This only proves that most people don't think. They were programmed to believe the usual politically motivated lies that always precede a war. The fools probably thought they were doing the right thing; who really thinks of himself as a bad guy that would kill & dismember innocent women and children 10,000 miles away? I suspect that the approval ratings would have dropped drastically if the people in favour of the war had to go there themselves and murder innocents.


Be that as it may, your original proposition is successfully refuted. Of course people are 'pliable', this way or that. But... which way is best? Of course, YOUR way.


That comes under another concept you probably never heard of, the obligation to care. An infant is unable to live more than a day or two without the loving care of his parent(s). In such a case, I suppose you could say that rightly or wrongly, they consider themselves qualified to say when the child is able to look after himself. What if the child is born severely retarded and is never able to "function" in our miserable excuse for a society? Should he be left on a rock to die when he turns "of legal age"? I'll admit that there is a slippery slope here, as many people are "borderline functional." I would suggest in those cases that they be given as much independence to govern themselves as is reasonably possible.


Putting aside for the moment the rather blatant appeal to emotion (another glaring inconsistency), I would say that the instance you describe would be more consistent with a libertarian position, not mine.

Setting aside the mythical nature of the story for a moment, are you suggesting that what Cain did to Abel wasn't murder and should not have been punished because a law against murder hadn't been codified yet? Sorry; I have to disagree.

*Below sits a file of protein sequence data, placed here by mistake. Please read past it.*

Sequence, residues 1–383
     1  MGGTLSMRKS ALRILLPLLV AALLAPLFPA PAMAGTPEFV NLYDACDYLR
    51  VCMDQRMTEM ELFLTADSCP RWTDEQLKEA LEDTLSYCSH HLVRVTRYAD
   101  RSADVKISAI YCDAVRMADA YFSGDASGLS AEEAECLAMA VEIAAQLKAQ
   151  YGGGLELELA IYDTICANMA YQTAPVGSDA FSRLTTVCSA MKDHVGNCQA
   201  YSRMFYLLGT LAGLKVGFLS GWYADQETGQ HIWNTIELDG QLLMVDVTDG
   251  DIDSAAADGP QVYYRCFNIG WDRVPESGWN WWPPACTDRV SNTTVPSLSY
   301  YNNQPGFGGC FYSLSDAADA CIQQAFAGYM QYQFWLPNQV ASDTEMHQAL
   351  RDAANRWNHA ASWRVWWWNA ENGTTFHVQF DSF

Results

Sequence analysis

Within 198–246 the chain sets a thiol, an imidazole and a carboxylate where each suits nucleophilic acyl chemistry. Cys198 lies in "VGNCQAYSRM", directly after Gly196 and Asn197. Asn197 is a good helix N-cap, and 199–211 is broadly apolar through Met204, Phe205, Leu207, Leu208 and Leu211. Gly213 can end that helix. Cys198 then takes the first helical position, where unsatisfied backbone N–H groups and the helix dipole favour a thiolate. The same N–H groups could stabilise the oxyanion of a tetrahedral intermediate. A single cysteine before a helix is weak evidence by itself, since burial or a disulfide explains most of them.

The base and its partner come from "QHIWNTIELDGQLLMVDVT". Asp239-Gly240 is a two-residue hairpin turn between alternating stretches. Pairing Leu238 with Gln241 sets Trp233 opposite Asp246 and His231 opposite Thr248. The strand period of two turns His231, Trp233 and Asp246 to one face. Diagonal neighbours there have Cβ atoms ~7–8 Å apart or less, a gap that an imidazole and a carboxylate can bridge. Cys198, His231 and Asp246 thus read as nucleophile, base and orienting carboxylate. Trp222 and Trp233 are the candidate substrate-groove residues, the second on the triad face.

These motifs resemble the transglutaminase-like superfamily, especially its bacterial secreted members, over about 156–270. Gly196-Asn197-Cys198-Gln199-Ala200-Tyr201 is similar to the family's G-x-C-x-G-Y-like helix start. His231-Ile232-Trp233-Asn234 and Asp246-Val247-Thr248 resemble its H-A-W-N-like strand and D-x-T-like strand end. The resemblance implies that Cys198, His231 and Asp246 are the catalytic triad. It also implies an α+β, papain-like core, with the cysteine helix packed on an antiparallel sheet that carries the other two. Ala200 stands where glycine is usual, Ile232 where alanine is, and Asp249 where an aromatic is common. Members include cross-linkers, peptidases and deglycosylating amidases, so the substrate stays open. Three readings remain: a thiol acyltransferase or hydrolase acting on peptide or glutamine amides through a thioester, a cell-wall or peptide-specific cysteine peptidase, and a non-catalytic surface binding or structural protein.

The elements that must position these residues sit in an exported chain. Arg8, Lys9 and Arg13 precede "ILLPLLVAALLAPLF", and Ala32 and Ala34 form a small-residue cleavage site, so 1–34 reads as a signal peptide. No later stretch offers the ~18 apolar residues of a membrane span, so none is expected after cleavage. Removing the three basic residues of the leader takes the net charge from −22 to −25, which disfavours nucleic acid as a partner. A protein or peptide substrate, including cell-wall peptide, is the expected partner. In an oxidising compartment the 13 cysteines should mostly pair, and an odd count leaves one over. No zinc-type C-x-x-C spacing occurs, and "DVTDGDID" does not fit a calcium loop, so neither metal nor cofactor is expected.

That would be conflating 'justice' with 'legality'.


Why would it be folly? Justice isn't an emotive concept; it is ingrained into our very being. Fairness is learned very young. You can hear it in playgrounds for God's sake! "Hey…No fair!" If little kids know what's fair & what isn't, why shouldn't reasoning adults? Is the problem a codified system? In that case i have to agree with you in many respects. Justice should be reasoned, not codified. That's why I stand against the miserable legal system we have today.


So, in support of your proposition that "justice is not an emotive concept", you offer instances of children in the playground who are upset with one particular act or another? Yes, and when I deprived a six year old of a second helping of ice cream last week, it was an "innate sense of justice" that caused her to protest that "... it's not fair...".

Of course justice is emotive concept, this is what makes it so slippery. We should never become a completely 'rational' society, which is the way we are heading. Rationality has nothing to do with justice, kin, and love for our fellow man. The universe is not mathematical, and there is no human being on Earth who is driven by a 'rational' will.
 debbi101358
Joined: 9/29/2010
Msg: 157
Breaking the law: A morality issue?
Posted: 12/28/2011 2:01:33 PM
first, it is only against the law if you get caught...or have enough money to break them....
 JustDukky
Joined: 7/8/2004
Msg: 158
Breaking the law: A morality issue?